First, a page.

Mendocino, Calif. – Our traveling group of wine journalists started Thursday on a 2,000-acre ranch in the Ukiah Valley, made its way through the Anderson Valley, and ended the day eating fresh Dungeness crab.
Yes, they treat us well. And I haven’t even got to the view outside the window 8 feet from where I’m writing this Friday morning! Well, that would be the view in the photo above!
One thing that has made a big impression in the two full days of winery visits is how seriously these producers take caring for the land. Many of the vineyards represent only a small fraction of the total ranch property owned by these family wine operations.
Nelson Family Vineyards was our first stop and such an operation. Chris Nelson gave us a tour of the property and talked about how his parents moved up to Mendocino County from Silicon Valley. The ranch is 2,000 acres but just 168 are planted in vineyard. They also raise cattle; grow strawberries, pears, Christmas trees and pears. Only 300 acres of the ranch are farmed at all.
One thing that is so much fun and educational is going out onto the property with the winemaker and learning the farm to glass process. We tasted the Nelson Riesling (light, mild fruit, and perfect for food) and Cabernet Sauvignon right in the vineyard where the grapes are grown.
We tasted nearly the full line of Nelson wines which were nicely balanced. His white wines were beautiful, the reds a touch light for my taste but still well made. He has a couple of nice – and not over the top – dessert wines including an Orange Muscat. The family originally planted the Orange Muscat grapes at the request of Napa icon Robert Mondavi.
Our mid-day stop was at Maple Creek Winery and very fun visit with vintner and artist Tom Rodrigues. Tom is a noted artist and talented winemaker. His most recent estate Chardonnay is one of his signature wines. His efforts win critical praise at 90-plus points from major wine magazines. The 180-acre ranch is breathtaking from Tom’s home atop the property’s highest point. The land features wild boar and edible mushrooms.
Tom treated us to lunch with a four-mushroom soup, wild boar sandwich with wine reduction, and a dessert of candy cap mushroom cake that tasted like maple.
The Artevino – combining art and wine – Chardonnays were the best in two days of tasting. Tom also makes a white from a grape called Symphony. The hybrid grape was developed in 1963 as a cross between Muscat and Grenache Gris. It was very floral and might remind many wine drinkers of a Gewurz.
Tom’s wit plays out in his wine labels, which he also designs for several other wineries, and in his wines. Let’s say he likes cowboys and baseball. I enjoyed his floral Bucking Blanco white with Symphony, Chardonnay , and Flora much more than the 100 percent Symphony. I’ll definitely get to add a couple new grapes to my “grape list” after this trip.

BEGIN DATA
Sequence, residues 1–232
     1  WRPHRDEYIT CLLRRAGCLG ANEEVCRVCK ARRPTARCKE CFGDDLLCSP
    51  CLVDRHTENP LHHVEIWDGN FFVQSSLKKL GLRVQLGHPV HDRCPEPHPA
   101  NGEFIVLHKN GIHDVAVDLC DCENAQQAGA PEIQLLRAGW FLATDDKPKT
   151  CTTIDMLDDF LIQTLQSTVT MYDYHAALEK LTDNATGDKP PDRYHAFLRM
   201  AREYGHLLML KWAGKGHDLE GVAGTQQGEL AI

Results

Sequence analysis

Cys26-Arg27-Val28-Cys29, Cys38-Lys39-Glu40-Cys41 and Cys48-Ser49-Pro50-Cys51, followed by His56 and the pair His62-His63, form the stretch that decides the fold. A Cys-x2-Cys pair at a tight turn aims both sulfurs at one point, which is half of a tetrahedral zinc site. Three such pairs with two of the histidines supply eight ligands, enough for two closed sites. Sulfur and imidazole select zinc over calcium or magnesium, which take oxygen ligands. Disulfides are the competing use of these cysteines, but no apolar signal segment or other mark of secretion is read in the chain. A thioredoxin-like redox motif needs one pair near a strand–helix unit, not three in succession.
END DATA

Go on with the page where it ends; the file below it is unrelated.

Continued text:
Just a note on Tom’s art besides wine labels, you’ve probably seen his work. Still an amateur baseball player at 57 years old, his painting of Negro League star Cool Papa Bell hangs in Cooperstown at the Baseball Hall of Fame.
Moving closer to the coast, our next stop in Anderson Valley was Toulouse Vineyards – known for its popular and award winning Pinot Noirs. Owner and winemaker Vern Boltz talked us through the tasting and explained how he used small amounts of Pinot that had alcohol levels extracted to lower overall alcohol content in his wines.
We jumped aboard a couple of small four-wheel farm “scooters” and toured the scenic property. One of our first stops was a 1,500-year-old Redwood and then the beautiful farm pond that helps frame the hillside vineyards.
Vern is clearly a fun guy, greeting nearly every customer that entered the tasting room while we were there.
The best wine to my palate was a gorgeous Pinot Noir Rose that was rich with Pinot flavor and not just the usual strawberry hints.
Friday was also our busiest day with a final stop and Claudia Springs Winery. Bob and Claudia Klindtfounded the winery in 1989 and make 2,000-2,500 cases annually. Their Zinfandel has won consistent honors.
There story is so compelling because both were social workers before and after moving to the Anderson Valley. Eventually, they were able to turn their focus to winemaking.
“I grew up in Montana,” Bob said, “and in Montana only sissies drank wine.”
They moved to the area in 1994 after driving up on weekends for five years. They are deeply invested in sourcing local grapes and trying new things. Brother Jim Klindt joined the operation and manages their vineyard.
Bob said Zinfandel had always been a favorite wine but learned quickly he needed to make Pinot Noir. We barrel tasted his latest Pinot and Zin before going up to the tasting room. Both were gorgeous and full flavored wine.
The day was capped with our arrival on the coast and joining the Fort Bragg crab feed at 8 p.m. It’s a west coast tradition of salad, hard bread and cioppino – or for the land-locked, fish stew. Bibs, booze, and heaping pots of spicy broth and fresh dungeons crab isn’t a bad way to end a long day.
(Photo: Part of our group chowing down on fresh crab!)
Today we start off with a visit to Pacific Star Winery which overlooks the Pacific. Then we head back down to Fort Bragg for more crab. Tonight we dine in the private residence at the owners of Barra Winery – again overlooking the ocean. Sunday it’s a long trip home.
Again, these blog posts are more of a journal while on the road. I’ll write more about the wines and about visiting the area in future posts. Also, I’ll be adding a bunch of photos!
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